Implications of IPF-Associated Comorbidities

In addition to the direct complications of IPF, comorbidities can contribute to increased mortality risk, increased healthcare utilization, increased healthcare costs, and diminished health-related quality of life for patients.10-13 Common comorbidities may be categorized by organ or physiologic system (Table 110), including pulmonary, cardiovascular, gastrointestinal (GI), endocrine/metabolic, and mental health.10 Patients with IPF often present with multiple comorbidities that can elevate the mortality risk.12 Cardiovascular disease, lung cancer, and diabetes are some of the common comorbidities that significantly increase mortality risk.12,13 Patients may also present with comorbidities before a diagnosis of IPF. Collard et al evaluated claims data for patients during the 6 months before IPF diagnosis (preindex period) and subsequent claims (postindex period) over the study period between January 1, 2001, and September 30, 2008. They found that, compared with a control cohort, patients with IPF were at higher risk in the preindex period for pulmonary hypertension (PH) (relative risk [95% CI]) (15.56 [9.39-25.80]; P <.0001), emphysema (7.11 [95% CI, 5.79-8.73]; P <.0001), pulmonary embolism (6.97 [4.92-9.89]; P <.0001), chronic bronchitis (5.19 [4.50-6.02]; P <.0001), and pulmonary infection (4.20 [3.86–4.57]; P <.0001). The rates of those same comorbidities were also higher in the IPF cohort compared with the control cohort in the postindex period of the study.14

The poor prognosis and progressive nature of IPF can create challenging clinical scenarios for the treatment of comorbidities, with many questions remaining regarding proper management. When considering treatment options for managing comorbidities in patients with IPF, clinicians may need to balance the potential for improving life expectancy and quality of life with the potential for exacerbation of IPF symptoms and/or acceleration of IPF disease progression.15-18 Clinicians should also be aware that many recommendations for comorbidity treatment options are based on studies of patient populations without IPF.19

As research continues, specific recommendations for patients with IPF should evolve for the proper management of lung cancer, PH, and venous thromboembolism (VTE).16,19 With increases in mortality associated with lung cancer treatment options (eg, chemotherapy, radiation, surgery) in IPF, careful consideration of the risks and benefits is warranted.10,16,19 Treatment options for PH in IPF, particularly the role of sildenafil, are not well defined as there have been mixed results from a number of clinical trials using various vasodilator therapies.10,16,17,19 In the treatment of VTE with anticoagulants, no clear agent of choice has been identified, although the use of warfarin is not recommended based on evidence from clinical trials.10,16,17,19 On the other hand, treatment for gastroesophageal reflux disease is generally recommended because the cost of therapy is low and clinical trial results show modest improvements in IPF outcomes with antacid therapies.16,17 The use of continuous positive airway pressure is regularly recommended to treat obstructive sleep apnea, which is common in IPF.10,16,19 As the range of comorbidities in IPF affects a number of organ and physiologic systems, comprehensive approaches that emphasize early detection and prompt management of comorbidities are important for patient care, and research into the most effective treatment options for patients with IPF is warranted.15-17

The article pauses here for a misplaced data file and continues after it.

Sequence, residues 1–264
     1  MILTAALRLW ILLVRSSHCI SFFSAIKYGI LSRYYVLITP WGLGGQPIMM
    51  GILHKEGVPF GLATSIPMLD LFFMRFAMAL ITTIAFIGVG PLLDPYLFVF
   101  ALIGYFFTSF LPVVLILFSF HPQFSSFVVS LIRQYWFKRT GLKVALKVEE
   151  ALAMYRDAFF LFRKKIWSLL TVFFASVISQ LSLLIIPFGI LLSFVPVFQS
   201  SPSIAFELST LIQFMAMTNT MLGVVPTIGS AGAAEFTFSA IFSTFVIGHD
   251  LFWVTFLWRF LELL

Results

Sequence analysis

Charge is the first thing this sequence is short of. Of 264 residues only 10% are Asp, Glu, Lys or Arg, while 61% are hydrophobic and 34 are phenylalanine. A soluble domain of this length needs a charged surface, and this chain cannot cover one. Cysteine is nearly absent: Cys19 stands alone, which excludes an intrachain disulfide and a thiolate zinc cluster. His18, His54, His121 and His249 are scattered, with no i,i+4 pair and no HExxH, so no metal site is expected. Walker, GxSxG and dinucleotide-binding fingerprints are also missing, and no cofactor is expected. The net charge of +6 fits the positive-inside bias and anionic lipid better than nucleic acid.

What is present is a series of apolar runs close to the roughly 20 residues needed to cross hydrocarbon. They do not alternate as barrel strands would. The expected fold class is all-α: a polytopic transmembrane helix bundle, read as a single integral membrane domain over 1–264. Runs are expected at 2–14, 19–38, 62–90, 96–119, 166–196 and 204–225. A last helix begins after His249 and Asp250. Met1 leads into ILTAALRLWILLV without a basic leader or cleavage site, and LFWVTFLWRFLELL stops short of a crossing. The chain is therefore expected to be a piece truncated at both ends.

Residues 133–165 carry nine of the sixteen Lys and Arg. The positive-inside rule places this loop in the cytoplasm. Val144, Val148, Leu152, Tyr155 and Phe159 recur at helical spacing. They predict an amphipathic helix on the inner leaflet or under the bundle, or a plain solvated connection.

Evaluating Outcomes Data

In the absence of clinical studies comparing the IPF drugs head-to-head, systematic reviews and network meta-analyses are useful substitutes, and such studies have compared pirfenidone, nintedanib, N-acetylcysteine, and sildenafil.20-25 Despite employing different analytical methods, the systematic reviews and network meta-analyses were fairly consistent in their evaluations of pirfenidone and nintedanib, with some specific differences. The network meta-analysis from Loveman et al found that both pirfenidone and nintedanib significantly reduced the rate of forced vital capacity (FVC) decline when compared with placebo, with nintedanib performing better than pirfenidone in an indirect comparison.25 Canestaro et al concluded that nintedanib and pirfenidone were equally efficacious in slowing decline in percent predicted FVC. They also concluded that the drugs were similar in their effects on respiratory-specific mortality (odds ratio [OR] [95% CI], 0.92 [0.42-2.04]) and all-cause mortality (OR [95% CI], 0.98 [0.53-1.81]).20 In a network meta-analysis from Rochwerg et al, the authors determined that sildenafil, pirfenidone, and nintedanib may extend survival to similar extents.24 A systematic review and meta-analysis by Rogliani and colleagues concluded that pirfenidone and nintedanib significantly reduced FVC decline and the risk of FVC decline of greater than 10%. They also determined that nintedanib was effective in reducing both overall deaths and those due to respiratory causes, as well as in reducing acute exacerbations of IPF.23 The modeling conducted by Chan et al determined that pirfenidone may have a greater numerical impact compared with nintedanib, but the researchers qualified their evaluation by highlighting the overlapping 95% CIs for the drugs.22 On the other hand, the analysis by Fleetwood et al determined that pirfenidone and nintedanib were both effective compared with placebo regarding change from baseline of FVC over 1 year, but only pirfenidone was effective in reducing all-cause mortality over 1 year compared with placebo.21 Although the systematic reviews and meta-analyses provide important data, they underscore the need for direct-comparison clinical trials of the drugs.

Role of Disease Registries in Developing Best Practices